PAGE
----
5. BL 4701 f. 88a 6. BL Loth 723 f. 88a
Figs. 5 and 6: The Dragon Fish, al-Tannīn, from the Wonders of Creation of Qazwini in two of the three Bijapur British Library manuscripts (BL Or. 4701, f. 88r and IO Islamic 845, f. 88r) https://britishlibrary.typepad.co.uk/.a/6a00d8341c464853ef01b8d0ab965b970c-pi?_ga=2.260404813.1714225709.1535706032-286112809.1510772067

Another distinction is visible in BL Or. 4701, f. 88r and IO Islamic 845, f. 88r’s illustrations of dragon fishes (al-tannīn) (figs. 5 and 6). On the left, BL Or. 4701 shows the monster facing right, and on the right IO Islamic 845 depicts it facing left. The length of both dragons is 16 cm. CBL Per 128’s depiction of a dragon fish (f. 85v) also faces left and measures only .2 cm more than the British Library groups’ corresponding images. Looking to the earlier model, the Sarre Qazwini’s dragon fish faces right (fig. 1). This was probably produced by a pounce of some kind, since whether the dragon fish is oriented right or left, they are mirror images of each other. All of this suggests that the Deccan Qazwini group was cohesive and requires close examination to apprehend how different artists and scribes rendered this text and preserved the tradition.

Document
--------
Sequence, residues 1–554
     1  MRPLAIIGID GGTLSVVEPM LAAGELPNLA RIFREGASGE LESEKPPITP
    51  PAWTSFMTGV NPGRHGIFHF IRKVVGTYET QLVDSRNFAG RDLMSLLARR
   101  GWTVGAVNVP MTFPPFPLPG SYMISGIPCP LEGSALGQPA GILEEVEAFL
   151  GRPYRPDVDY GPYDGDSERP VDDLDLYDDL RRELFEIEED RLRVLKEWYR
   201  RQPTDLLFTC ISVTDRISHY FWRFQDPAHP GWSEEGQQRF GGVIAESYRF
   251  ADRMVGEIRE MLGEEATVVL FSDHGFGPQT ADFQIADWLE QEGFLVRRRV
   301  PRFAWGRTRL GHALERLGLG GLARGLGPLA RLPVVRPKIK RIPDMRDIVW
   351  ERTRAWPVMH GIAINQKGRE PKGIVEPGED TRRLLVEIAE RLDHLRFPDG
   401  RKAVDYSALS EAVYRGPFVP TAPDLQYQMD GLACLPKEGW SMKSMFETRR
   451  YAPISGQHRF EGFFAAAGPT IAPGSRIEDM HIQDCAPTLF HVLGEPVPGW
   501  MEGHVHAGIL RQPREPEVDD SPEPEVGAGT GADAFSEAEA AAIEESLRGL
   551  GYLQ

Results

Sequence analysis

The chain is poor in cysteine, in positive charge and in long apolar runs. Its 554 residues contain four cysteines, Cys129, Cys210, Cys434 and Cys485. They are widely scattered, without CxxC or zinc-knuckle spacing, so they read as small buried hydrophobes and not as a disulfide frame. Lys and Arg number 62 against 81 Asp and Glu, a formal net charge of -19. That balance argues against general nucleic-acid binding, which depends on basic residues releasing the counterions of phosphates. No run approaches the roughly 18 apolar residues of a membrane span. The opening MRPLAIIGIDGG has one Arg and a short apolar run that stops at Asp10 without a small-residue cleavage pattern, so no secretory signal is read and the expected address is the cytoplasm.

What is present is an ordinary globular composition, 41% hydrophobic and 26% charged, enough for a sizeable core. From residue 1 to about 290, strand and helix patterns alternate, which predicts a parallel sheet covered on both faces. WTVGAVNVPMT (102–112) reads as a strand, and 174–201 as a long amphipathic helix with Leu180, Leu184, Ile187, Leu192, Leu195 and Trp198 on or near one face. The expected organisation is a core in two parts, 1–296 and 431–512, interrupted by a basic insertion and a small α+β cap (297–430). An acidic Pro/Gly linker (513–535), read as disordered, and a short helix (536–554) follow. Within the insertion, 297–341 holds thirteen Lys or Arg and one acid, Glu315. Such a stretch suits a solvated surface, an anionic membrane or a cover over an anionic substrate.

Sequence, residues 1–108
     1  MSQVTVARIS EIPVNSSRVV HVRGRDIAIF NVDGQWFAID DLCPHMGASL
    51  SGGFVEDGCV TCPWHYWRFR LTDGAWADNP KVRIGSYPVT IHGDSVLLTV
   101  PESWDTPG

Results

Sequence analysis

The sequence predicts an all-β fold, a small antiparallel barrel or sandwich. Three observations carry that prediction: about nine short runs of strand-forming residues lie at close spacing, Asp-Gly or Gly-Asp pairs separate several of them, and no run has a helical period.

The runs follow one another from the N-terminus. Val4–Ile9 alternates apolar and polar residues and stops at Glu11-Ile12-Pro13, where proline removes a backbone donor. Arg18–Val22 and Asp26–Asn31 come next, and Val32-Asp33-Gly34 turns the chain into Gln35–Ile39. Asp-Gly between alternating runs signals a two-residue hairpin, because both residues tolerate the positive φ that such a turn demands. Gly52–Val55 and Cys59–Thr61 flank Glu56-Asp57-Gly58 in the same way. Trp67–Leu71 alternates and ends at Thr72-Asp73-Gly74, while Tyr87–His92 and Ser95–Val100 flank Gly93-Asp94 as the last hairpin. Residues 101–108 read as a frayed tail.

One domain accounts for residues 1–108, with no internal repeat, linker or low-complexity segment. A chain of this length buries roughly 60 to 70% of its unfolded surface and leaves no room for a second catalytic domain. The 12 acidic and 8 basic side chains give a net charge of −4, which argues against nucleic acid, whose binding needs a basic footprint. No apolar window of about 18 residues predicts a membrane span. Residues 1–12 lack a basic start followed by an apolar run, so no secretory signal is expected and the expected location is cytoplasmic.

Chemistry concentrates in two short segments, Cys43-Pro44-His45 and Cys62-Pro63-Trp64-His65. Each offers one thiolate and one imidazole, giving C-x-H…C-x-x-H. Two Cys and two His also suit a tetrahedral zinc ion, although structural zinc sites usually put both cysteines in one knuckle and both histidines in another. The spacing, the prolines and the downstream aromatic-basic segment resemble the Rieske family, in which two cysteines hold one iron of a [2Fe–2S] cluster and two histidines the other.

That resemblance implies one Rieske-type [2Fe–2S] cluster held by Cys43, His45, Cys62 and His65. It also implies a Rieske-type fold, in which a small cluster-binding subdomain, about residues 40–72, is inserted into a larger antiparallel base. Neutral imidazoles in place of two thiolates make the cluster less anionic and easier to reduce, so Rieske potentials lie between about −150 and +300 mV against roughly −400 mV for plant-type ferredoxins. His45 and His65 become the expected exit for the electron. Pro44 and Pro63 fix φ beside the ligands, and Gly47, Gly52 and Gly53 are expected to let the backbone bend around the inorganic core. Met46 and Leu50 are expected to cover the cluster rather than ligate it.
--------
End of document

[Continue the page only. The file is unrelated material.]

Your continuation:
Why this Viral Production?